I have lived in the South long enough now, and I’ve made enough collards and grits, to feel like slightly less of a poser when saying it, so I’m going to say it again.
Ina has done it again.
She’s publishing another book, due out in October.
Aren’t they adorable?
This always seems to happen. I get close to the 100-recipes-remaining-benchmark, get lazy (i.e., have a baby, get a full-time job, take on too many students, chair a committee, move twice in six months, whatev), and stall. I stall because quite frankly, there are some recipes in that bottom 100 that I just don’t want to cook. Some of them sound delicious to me (mussels!), but Neil wouldn’t touch them, and I always think I’m going to cook them when he goes out of town. Then, when he does go out of town, the toilet overflows and someone gets an ear infection and the dog breaks her tail, and no mussels for me. I have been known to hire a babysitter just so I can take a nap on those weekends. (Seriously. How do the children, the dogs, and the house all know when one parent leaves the home ZIP code? How do they know??) Most of those last 100 or so recipes, though, just sound like someone put on her bad idea stretchy pants. Kitchen Clambake? Oh hell no. Blue cheese and pears? OMG, stop it. I guess you could say I self-sabotage somewhere along the way, when I start to get closer to my goal. But really … I think I just get bored and a little overwhelmed, and yes, somewhat disgusted.
A new cookbook means that I’ll be adding about another 100 recipes or so to the “to be cooked” list. Oy vey Maria. Holy fancy butter on a piece of artisan toast. But still … I’m excited for the new cookbook. The last few Barefoot Contessa books have been phenomenal, and maybe she’ll even come to Houston again so I can gush all over her (again). Chances are, most of them will be food that I’ll want to cook, and I’ll have something new to try. I have another six months (give or take) before the new release to whittle that list down to 100 again. I like a challenge. And look at that cake on the cover! And their smiles! What’s not to love? So, yes. I have pre-ordered a copy. I’m excited.
There’s another contingent, though, that is despairing at the idea of “Cooking for Jeffrey,” and not because they’ve set some kind of bizarre goal for themselves. Ugh. How could she? Isn’t she one of us, the modern feminists making our own way, and making our own money? What is UP with that marriage? Why cake? HOW can they still actually LIKE each other? Gross.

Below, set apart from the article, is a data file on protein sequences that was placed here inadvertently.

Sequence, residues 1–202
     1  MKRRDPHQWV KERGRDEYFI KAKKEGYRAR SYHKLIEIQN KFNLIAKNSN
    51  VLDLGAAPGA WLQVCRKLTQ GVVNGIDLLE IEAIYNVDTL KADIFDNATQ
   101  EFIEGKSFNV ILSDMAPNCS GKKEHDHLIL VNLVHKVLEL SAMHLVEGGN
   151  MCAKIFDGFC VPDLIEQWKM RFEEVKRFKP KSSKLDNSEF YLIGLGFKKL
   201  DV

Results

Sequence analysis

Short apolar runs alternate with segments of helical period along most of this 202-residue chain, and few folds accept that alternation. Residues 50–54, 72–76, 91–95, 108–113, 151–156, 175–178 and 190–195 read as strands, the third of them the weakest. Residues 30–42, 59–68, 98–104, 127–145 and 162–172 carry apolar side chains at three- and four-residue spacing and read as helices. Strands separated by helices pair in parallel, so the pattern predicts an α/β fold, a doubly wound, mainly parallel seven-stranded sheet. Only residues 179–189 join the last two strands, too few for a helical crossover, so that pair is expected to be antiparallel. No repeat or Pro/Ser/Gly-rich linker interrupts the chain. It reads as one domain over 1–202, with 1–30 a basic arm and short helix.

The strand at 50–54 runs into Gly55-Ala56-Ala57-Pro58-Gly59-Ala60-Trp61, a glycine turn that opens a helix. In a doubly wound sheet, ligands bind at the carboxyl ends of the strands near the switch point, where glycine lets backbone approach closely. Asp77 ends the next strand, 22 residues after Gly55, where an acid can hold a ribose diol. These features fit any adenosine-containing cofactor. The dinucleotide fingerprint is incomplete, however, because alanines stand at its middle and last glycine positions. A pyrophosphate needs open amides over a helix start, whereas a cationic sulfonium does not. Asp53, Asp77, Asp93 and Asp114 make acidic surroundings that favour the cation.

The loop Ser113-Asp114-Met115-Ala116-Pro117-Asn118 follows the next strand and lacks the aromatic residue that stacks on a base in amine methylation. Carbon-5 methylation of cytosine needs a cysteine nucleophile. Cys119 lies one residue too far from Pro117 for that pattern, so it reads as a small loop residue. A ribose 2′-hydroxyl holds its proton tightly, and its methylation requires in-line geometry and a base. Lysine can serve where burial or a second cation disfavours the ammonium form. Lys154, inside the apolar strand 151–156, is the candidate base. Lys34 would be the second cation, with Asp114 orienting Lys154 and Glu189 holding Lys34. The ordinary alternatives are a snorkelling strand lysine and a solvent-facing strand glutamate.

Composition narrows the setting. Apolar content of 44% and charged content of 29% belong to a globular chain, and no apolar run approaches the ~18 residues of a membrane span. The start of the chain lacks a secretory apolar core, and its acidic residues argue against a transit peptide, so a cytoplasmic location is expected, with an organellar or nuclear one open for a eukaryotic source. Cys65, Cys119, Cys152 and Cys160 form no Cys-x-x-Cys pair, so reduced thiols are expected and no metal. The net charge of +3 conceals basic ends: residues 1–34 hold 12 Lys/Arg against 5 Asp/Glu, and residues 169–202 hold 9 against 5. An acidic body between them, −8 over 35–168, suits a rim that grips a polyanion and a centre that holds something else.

Call me naive, or simple, or a pie-eyed Midwestern girl, but I don’t roll my eyes at Ina and Jeffrey together, or the fact that she likes to cook for him. It could all be for show, of course, but the way that she spoke about him when she was in Houston last November made me believe that they have a really good partnership, in the romantic and business senses of that word. Ina gives Jeffrey heaps of credit for gently pushing her outside of her comfort zone, for doing the unglamorous legwork of starting a business, and for supporting her ideas, even when they may have seemed harebrained at the time. He’s a mild-mannered Yale man, and having married my very own mild-mannered Yale man, I would like to see myself in that kind of equation, and I do. Neil is, hands down, my number one fan. He really, truly appreciates the efforts I make in the kitchen and in the world. And dear Lord, we need more appreciation in this world.
Ina began to cook not because Jeffrey or anyone else told her she had to, but because she loves it. He seems to be enjoying the ride along with her. Feminism is about being able to choose our own paths, and I don’t begrudge someone the choice to make a great career out of food and entertaining, or even just baking because they love it. (Contrasted with the poor lady who wrote The Battle Hymn of the Republic and her husband’s dictates about food, I think we can all agree that we’d choose the Ina/Jeffrey way.) Growing up in the kitchen where my dad was the primary cook, I don’t attach patriarchal over-reaching with preparing good food. And who doesn’t love cake? I hope I never forget the many, many strawberry cakes I made for Ben’s fourth birthday, or the over-the-top banana pudding I made for our last meal with dear friends in Minnesota. Cakes are celebratory food, and a great way to win friends and influence people.
Don’t get me wrong: I understand a little bit of healthy skepticism over Ina, and a wee bit of jealousy over her cooking barn and her gorgeous garden and her outrageously successful career. Would I take all that in trade for my life, with my very own mild-mannered Yale man and our two little Jedis-in-training? Not even for one million perfect layer cakes.